For more on the play go to:
https://en.wikipedia.org/wiki/Twelfth_Night

Sorry, this all seems a nonsense play which it is; but played out by the Handlebards it is hilarious and provides for good audience participation even to dragging members of the audience on stage. When Malvolio gives his famous quote, the whole audience chanted also. Throughout the four players were constantly changing garments and when Viola and Sebastian were finally both on stage of course they weren’t, only their hats that they had worn throughout were there held by their two final partners with the actual player dancing from one to the other changing his speaking genders accordingly.

They included in this show a significant number of Shakespeare’s lyrics.

For a flavour of the Handlebards try:

https://www.handlebards.com/press-resources/

But tghe only real way to appreciate sheer joie de vivre of the Handlebards is to see one of their shows

BTW There are now the Girls Handlebards

I despair of the UK’s current government

Filed under: Brexit, economics, Left Politics, Politics — derryvickers @ 4:31 pm

In an article in today’s Guadian I find

So why would they [Fox and co]want a no-deal? A group of hard-right Brexit economists has proposed the unilateral abolition of UK tariffs, which they openly admit would see the loss of our manufacturing base. They think this would be a good thing, and propel us into a new, service-based economy. That is why Fox and Dominic Raab and Boris Johnson and Michael Gove are not concerned about crashing out on to WTO rules – they believe it would enable them to turn Britain into a deregulated free-market economy like Singapore.”

Read the full article:

https://www.theguardian.com/commentisfree/2018/aug/23/labour-tories-no-deal-brexit-brexiters-cliff-edge-vote?utm_source=esp&utm_medium=Email&utm_campaign=Opinion+UK+connected&utm_term=284123&subid=29298&CMP=ema_opinionconnectuk

As I recall West Germany built its current enviable finance position by re-building its manufacturing after WW2

As I further recall the UK built its world standing position in the 19th century partly because of it Empire but the Empire provided it a preferential position to export its manufacturing.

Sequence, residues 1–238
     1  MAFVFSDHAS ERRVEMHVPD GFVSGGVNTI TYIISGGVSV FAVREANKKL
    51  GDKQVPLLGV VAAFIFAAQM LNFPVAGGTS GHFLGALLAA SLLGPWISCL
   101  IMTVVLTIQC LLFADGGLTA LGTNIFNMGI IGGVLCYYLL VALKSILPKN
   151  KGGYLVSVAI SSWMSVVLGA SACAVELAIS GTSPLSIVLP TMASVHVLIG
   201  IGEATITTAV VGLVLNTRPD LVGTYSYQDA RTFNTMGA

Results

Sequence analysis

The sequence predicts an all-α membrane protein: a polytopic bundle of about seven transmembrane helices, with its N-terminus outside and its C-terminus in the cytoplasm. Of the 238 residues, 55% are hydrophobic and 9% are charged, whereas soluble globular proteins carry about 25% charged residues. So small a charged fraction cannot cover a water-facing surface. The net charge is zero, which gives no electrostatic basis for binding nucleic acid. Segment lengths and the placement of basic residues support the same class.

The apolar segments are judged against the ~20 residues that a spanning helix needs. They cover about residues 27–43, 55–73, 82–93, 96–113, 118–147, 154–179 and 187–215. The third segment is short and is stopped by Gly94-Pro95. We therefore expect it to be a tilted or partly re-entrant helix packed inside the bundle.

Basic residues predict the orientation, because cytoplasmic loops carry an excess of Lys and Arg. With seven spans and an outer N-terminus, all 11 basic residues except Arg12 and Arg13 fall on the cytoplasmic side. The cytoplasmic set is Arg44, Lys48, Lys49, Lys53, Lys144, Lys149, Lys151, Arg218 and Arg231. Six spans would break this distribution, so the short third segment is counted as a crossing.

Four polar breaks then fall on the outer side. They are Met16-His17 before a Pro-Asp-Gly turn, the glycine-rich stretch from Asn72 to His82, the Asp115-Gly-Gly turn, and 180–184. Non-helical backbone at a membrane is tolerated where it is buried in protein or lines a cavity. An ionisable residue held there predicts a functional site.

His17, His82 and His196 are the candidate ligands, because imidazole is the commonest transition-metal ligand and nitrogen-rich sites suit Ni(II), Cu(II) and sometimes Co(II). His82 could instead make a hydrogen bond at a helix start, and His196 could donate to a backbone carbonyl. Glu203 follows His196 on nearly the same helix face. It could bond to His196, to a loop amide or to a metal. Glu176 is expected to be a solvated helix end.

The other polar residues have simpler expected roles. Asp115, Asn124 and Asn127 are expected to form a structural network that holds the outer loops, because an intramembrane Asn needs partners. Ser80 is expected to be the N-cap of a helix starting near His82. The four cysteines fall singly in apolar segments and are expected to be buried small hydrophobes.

August 10, 2018

The Edinburgh Festival

Filed under: Music, Painting, World Class — derryvickers @ 7:35 pm

Since the beginning of the international Festival we have been to:

  1. An exhibition of paintings by Emil Nolde. Nolde painted from 1900 to 1950. His paintings are full of color, but during the period he fell foul of the Nazis and his painting was ridiculed as degrading and were banished from the German galleries, though at one time he signed up as a national socialist. His paintings are now accepted, but his socialist national ties are still unfavourably remembered. The same is true, but less so of the composer Richard Strauss.
  2. Waiting for Godot by Irish playwright Samuel Beckett. The game is about two old abandoned living from day to day passing the time under a tree waiting for Godot that does not show, but a young boy reports every Night that Godot will ‘ arrive tomorrow ‘. Beckett spent most of his life in Paris and some of the language reminded me of Molière.
  3. The Barber of Seville, a work of Rossini. A cheerful work where everything finishes ‘ Happy ever After’. The opera was performed by the Theatre des Champs-Elysees.
  4. Last Wednesday we went to see the Siegfried Wagner Opera. The work is the third in the cycle The Ring of the Nibelungs: Das Rheingold, Die Walküre, Siegfried and Götterdämmerung. Siegfried is the hero who will save the world but is found wanting in Götterdämmerung; However the ring and gold are rescued by the maidens of the Rhein and the god Valhalla is burnt. Not quite ‘ happy ever after ‘. Wagner provided the libretto as well as the music and the operas were praised by the Nazis. Last night’s performance was given by the Halle Orchestra conducted by Mark Elder,  the music was dramatic and the singing was glorious, but five and a half hours needed attention to keep awake.